LOIRP in the News

Old Moon Images Get Modern Makeover, Fox
Old Moon Images Get Modern Makeover, LiveScience
“Dennis Wingo, LOIRP’s team leader, detailed the group’s work in progress during last week’s 40th Lunar and Planetary Science Conference. Teamed with SpaceRef.com, LOIRP’s saga is one of acquiring the last surviving Ampex FR-900 machinery that can play analog image data from the Lunar Orbiter spacecraft. Wingo noted that the work is backed by NASA’s Exploration Systems Mission Directorate, the space agency’s Innovative Partnership Program, along with private organizations, making it possible to overhaul old equipment, digitally upgrade and clean-up the imagery via software. LOIRP is located at NASA’s Ames Research Center at Moffett Field, Calif. There, project members are taking the analog data, converting it into digital form and reconstructing the images. By moving them into the digital domain, Wingo said, the photos now offer a higher dynamic range and resolution than the original pictures, he added. “We’re going to be releasing these to the whole world,” Wingo said. Use of the refreshed images, contrasted to what NASA’s upcoming Lunar Reconnaissance Orbiter (LRO) mission is slated to produce, has an immediate scientific benefit. That is, what is the frequency of impacts on the Moon’s already substantially crater-pocked surface? “We’ll be able to get crater counts,” Wingo told SPACE.com. “LRO imagery of the same terrain imaged decades ago will provide a crater count over the last 40 years.”

5 Replies to “LOIRP in the News”

  1. Guys, I have to say, having watched the news feed through Google over the past week, the amount of ones and zeros (and ink, too) devoted to LOIRP has been sensational. It’s quite a story, with legs (and boulders).
    Thanks for your dedication and with providing us with a benchmark mission, a re-do of the LO series, and teaching a lot of people a lesson about perishable data.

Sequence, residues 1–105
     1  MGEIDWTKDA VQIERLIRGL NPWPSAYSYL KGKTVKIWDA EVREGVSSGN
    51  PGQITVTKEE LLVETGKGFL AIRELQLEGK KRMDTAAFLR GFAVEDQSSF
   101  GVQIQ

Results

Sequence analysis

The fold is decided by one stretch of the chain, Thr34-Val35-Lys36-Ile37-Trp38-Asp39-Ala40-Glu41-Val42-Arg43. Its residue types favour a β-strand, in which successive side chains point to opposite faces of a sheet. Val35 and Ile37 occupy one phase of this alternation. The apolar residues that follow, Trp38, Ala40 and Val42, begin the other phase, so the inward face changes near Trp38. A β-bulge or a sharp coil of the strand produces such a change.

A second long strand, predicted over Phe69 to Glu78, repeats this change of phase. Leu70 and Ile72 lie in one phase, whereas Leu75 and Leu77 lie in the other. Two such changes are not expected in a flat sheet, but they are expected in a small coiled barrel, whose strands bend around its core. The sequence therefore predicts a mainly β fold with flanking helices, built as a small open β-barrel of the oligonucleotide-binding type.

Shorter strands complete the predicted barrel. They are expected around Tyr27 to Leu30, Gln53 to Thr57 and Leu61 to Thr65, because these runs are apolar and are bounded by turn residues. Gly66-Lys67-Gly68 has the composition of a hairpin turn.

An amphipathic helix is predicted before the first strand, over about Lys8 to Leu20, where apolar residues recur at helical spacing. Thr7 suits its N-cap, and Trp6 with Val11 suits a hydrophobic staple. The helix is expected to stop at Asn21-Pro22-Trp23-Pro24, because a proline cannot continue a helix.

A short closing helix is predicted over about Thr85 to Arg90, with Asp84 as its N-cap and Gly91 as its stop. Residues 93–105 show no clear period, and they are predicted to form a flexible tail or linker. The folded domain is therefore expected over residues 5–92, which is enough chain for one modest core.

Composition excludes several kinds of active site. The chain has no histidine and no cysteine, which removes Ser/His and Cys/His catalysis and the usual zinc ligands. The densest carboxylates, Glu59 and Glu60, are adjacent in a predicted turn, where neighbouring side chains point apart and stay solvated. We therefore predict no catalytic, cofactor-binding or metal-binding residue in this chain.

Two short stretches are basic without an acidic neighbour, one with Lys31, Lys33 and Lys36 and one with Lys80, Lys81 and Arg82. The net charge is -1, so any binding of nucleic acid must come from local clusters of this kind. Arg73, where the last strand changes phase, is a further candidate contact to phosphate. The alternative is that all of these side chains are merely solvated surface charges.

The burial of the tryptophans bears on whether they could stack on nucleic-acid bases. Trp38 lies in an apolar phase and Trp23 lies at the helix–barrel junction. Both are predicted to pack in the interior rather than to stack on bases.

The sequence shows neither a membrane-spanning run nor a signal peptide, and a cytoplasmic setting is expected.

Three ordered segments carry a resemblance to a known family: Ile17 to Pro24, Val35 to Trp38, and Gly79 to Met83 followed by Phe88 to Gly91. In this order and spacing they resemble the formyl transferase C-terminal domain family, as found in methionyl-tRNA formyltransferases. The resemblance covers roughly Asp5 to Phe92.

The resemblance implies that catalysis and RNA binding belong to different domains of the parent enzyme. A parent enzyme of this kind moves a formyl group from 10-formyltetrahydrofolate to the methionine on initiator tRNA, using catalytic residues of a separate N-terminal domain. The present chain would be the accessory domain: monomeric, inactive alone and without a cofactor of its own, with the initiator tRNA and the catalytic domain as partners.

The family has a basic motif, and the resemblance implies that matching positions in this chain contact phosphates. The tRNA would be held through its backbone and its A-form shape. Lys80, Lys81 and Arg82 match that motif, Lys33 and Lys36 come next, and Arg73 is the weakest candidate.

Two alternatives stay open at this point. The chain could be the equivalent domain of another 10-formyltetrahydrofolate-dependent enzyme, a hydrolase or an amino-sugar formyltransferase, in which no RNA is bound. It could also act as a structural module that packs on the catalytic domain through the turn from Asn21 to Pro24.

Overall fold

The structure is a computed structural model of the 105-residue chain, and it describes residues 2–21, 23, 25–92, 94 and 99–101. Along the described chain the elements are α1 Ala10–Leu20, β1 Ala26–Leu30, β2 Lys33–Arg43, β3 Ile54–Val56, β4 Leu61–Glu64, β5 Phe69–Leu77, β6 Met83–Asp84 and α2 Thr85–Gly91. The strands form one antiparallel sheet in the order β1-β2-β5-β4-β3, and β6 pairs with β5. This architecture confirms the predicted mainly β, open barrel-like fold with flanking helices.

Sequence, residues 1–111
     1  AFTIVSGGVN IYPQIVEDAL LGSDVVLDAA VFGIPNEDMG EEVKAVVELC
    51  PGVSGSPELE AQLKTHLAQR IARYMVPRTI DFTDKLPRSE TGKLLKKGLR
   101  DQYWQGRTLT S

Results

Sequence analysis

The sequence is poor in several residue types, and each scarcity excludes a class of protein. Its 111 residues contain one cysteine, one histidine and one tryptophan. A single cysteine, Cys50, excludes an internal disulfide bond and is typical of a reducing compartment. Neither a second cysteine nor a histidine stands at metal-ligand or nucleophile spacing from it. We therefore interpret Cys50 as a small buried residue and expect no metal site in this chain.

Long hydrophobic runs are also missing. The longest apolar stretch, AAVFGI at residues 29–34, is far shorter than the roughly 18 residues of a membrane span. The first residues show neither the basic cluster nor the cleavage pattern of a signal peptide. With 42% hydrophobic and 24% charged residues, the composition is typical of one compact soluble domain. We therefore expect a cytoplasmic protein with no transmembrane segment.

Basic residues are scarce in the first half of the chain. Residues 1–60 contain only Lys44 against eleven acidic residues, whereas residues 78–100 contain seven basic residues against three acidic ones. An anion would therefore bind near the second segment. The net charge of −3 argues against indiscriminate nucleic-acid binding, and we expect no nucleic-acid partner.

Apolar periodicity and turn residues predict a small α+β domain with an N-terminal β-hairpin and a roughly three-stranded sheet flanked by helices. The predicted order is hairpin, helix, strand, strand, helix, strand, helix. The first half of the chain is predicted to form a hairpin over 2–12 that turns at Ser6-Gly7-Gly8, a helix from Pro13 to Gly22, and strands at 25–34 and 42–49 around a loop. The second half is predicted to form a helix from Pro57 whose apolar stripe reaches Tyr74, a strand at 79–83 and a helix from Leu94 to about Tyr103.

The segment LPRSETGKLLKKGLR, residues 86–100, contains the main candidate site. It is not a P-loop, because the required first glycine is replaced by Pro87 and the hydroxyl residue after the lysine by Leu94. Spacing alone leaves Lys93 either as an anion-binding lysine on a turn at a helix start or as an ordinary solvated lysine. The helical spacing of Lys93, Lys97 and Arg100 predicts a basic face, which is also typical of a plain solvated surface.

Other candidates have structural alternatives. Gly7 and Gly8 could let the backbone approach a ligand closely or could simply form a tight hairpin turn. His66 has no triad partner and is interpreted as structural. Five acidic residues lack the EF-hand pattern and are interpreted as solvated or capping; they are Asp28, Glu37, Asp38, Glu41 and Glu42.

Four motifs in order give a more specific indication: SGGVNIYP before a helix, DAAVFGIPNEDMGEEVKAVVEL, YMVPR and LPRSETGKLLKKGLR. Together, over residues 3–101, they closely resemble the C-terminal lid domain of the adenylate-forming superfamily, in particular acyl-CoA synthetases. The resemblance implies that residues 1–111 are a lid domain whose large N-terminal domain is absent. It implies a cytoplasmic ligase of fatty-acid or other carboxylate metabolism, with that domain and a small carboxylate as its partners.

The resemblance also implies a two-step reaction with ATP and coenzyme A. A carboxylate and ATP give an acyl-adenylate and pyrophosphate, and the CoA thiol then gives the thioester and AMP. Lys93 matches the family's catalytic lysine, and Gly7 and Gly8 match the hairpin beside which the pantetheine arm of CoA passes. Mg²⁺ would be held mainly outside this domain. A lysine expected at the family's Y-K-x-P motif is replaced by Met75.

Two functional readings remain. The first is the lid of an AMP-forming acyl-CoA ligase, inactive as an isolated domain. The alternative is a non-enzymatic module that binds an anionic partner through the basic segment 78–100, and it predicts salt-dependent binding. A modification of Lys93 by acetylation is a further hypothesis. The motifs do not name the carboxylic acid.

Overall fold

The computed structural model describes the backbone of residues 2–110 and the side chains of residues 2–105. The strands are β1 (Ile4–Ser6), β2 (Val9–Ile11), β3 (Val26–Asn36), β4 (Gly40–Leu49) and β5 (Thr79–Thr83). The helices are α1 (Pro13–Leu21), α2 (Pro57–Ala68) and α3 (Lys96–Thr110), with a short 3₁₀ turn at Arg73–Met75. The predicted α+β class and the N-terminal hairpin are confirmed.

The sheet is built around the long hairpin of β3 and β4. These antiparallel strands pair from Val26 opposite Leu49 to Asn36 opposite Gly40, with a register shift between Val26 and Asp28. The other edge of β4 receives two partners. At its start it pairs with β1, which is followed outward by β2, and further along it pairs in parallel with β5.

2. Gents,
    To learn that some of this original information might be retrieved is marvellous news. I have just read First Man, Neil Armstrong’s biography, so this project has extra meaning. They were such interesting times, how I miss that sense of enthusiasm and sense of discovery. Good luck in the quest.

  3. Keith: I am interested in learning more about original B&W contact images from 1967 mapping missions. I have an opportunity to own one of these images but other than being an avid collector of photography this is new territory for me. Would you be willing to help out or point me in the right direction? Thanks

  4. Andrew
    Sorry that I have not responded earlier. What is the image that you are going for? There is a lot of good lunar orbiter stuff out there. However, if you want the latest stuff, it will be available for download….or, we can make them for you. Would you buy something like that if it was reasonably priced?

  5. You may want to talk to the Eastman House in Rochester, NY. They have in their collection one of the flight cameras that didn’t need to be sent, since the camera was developed by Kodak for NASA. Knowing the type of scanner may help you do better defect reduction on the resultant images.

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